Critical Conversations For Dummies
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When a customer threatens to call the boss, you can ignore it, or use critical conversation skills to diffuse the situation. Critical conversation skills can help you and the customer not only find a solution, but also create a foundation for a customer-company relationship that continues in the future.

Learn how with the right critical conversation skills, a few simple sentences can take a customer interaction from simply finding a solution to creating a better relationship in the future.

An irate customer is on the other line of the phone, threatening to call everyone he knows to 1) get the employee fired, and 2) put the company out of business. The customer service representative could say, “Yes, you can talk to my supervisor. I’m putting her on the phone now.”

Nothing is wrong with this statement, but you can guess that the customer now knows that if he starts complaining, he doesn’t have to go through the process that everyone else has to go through; he can get to whoever is in charge if he yells loudly enough.

Think of how this slightly modified reaction may work better:

“I can understand how you’d be upset. If you want to talk to my manager, I can provide you with her e-mail address or phone number. I suggest working through the returns process because that works for many of our customers. Would you like to continue our conversation about how I can help you, or would you like to talk to someone else?”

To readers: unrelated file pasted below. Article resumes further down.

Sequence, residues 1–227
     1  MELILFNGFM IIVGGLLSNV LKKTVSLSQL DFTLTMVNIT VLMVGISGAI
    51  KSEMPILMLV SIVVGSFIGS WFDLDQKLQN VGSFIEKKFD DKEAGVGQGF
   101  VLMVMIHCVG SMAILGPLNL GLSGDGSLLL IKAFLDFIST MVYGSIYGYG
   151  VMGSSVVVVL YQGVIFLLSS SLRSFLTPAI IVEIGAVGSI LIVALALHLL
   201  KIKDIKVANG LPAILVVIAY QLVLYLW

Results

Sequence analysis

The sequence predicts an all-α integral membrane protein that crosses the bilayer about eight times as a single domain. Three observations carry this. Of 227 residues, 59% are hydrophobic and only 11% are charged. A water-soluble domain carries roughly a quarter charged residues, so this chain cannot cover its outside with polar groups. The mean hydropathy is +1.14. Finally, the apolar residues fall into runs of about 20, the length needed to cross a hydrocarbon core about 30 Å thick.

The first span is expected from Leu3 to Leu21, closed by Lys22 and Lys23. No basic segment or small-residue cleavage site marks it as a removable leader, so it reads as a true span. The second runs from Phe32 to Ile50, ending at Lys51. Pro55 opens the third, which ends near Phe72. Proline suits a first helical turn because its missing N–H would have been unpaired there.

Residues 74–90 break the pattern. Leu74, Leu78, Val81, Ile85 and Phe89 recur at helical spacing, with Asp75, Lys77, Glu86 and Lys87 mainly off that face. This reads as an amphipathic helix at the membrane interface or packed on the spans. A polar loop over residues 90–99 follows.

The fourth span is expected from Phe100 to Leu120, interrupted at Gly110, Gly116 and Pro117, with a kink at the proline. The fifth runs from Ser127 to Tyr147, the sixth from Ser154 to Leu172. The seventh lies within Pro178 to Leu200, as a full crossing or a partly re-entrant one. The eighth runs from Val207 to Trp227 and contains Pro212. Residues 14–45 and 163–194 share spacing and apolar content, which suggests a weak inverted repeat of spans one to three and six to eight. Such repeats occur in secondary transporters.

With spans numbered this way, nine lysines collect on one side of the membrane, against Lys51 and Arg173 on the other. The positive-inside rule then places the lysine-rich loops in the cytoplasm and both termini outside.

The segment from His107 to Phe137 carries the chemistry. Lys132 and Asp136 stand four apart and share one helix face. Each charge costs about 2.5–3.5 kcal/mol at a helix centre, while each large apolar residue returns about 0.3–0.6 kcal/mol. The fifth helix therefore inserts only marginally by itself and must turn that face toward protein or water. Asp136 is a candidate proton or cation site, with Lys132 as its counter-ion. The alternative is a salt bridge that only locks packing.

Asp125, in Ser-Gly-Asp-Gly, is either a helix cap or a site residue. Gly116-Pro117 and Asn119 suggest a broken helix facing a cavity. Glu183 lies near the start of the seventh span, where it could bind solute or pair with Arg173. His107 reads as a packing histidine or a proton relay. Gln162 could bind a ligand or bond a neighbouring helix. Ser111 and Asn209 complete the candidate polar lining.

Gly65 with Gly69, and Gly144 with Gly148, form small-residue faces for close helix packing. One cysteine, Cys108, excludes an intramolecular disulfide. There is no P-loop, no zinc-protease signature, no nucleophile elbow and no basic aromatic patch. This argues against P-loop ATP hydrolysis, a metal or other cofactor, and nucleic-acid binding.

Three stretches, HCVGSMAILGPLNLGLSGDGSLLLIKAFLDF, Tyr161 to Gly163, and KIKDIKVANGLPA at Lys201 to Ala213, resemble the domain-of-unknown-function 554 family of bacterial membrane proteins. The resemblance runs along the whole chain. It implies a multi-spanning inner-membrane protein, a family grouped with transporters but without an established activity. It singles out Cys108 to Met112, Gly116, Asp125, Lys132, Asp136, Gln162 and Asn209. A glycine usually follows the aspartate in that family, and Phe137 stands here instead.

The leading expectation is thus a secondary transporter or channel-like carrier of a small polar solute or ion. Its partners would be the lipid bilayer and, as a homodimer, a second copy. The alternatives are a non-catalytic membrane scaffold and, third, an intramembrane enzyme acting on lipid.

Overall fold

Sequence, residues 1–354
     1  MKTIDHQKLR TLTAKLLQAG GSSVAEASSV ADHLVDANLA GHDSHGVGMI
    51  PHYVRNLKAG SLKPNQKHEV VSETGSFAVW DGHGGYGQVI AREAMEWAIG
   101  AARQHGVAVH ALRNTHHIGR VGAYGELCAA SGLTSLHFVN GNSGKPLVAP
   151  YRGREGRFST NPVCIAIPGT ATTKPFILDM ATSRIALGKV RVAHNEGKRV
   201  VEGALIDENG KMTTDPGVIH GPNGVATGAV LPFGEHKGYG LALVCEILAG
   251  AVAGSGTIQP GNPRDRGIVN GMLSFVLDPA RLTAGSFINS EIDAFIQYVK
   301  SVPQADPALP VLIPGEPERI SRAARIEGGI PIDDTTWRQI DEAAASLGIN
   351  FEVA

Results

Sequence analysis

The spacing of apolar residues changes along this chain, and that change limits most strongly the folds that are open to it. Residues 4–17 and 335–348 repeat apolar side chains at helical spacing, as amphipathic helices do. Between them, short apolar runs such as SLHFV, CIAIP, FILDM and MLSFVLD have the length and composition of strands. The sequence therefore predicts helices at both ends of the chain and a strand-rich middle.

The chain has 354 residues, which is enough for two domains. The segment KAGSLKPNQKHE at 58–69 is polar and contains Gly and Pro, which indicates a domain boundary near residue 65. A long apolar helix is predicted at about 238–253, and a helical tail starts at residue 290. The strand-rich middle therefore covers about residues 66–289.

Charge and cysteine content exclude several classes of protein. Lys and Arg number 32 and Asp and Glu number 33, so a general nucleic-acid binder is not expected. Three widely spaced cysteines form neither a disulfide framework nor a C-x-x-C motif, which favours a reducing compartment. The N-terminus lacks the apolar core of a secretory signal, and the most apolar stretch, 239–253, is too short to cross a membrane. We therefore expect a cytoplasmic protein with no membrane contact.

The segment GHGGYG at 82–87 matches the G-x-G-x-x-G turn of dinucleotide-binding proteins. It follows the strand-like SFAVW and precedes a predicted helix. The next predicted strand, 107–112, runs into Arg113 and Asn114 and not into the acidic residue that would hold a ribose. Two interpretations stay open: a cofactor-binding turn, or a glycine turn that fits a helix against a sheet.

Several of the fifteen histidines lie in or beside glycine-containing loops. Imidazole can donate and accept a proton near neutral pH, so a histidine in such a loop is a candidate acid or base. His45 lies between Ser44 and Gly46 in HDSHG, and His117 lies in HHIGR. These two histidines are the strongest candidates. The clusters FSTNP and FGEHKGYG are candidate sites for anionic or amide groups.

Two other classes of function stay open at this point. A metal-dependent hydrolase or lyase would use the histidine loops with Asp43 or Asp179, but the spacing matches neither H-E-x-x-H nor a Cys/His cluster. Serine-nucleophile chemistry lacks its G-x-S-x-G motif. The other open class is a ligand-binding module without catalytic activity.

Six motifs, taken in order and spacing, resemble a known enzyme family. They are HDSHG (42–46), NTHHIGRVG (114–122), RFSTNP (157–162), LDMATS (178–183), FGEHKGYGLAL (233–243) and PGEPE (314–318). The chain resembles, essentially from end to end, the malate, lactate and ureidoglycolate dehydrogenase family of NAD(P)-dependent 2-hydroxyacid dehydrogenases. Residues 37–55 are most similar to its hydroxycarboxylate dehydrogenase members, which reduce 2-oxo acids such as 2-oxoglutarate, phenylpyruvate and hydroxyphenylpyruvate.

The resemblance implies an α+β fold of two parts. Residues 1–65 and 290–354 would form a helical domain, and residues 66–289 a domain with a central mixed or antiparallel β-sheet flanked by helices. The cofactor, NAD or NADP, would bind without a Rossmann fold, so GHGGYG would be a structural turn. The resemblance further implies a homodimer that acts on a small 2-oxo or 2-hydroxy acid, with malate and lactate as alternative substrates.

This critical conversation examines what’s happening and acknowledges feelings by restating the customer’s desire to talk to the boss and understanding how the customer could be upset. Then, the customer service agent (well versed in critical conversations, of course) gives options about how the customer could decide to move forward.

Instead of just handing over the call to the boss (of course, the customer could still very well want to talk to the boss, and that’s a perfectly acceptable option), asking the question helps the customer slow down and evaluate what the right decision may be and helps the customer save face if he realizes that he may have been a little over the top with his complaints and yelling.

About This Article

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About the book author:

Christina Tangora Schlachter, PhD, is a Certified Professional Coach. She has created and taught courses on communication skills, crucial conversations for new managers, communication for professionals, and dealing with difficult conversations. She is the coauthor of Leading Business Change For Dummies and is the Chief Leader of She Leads.

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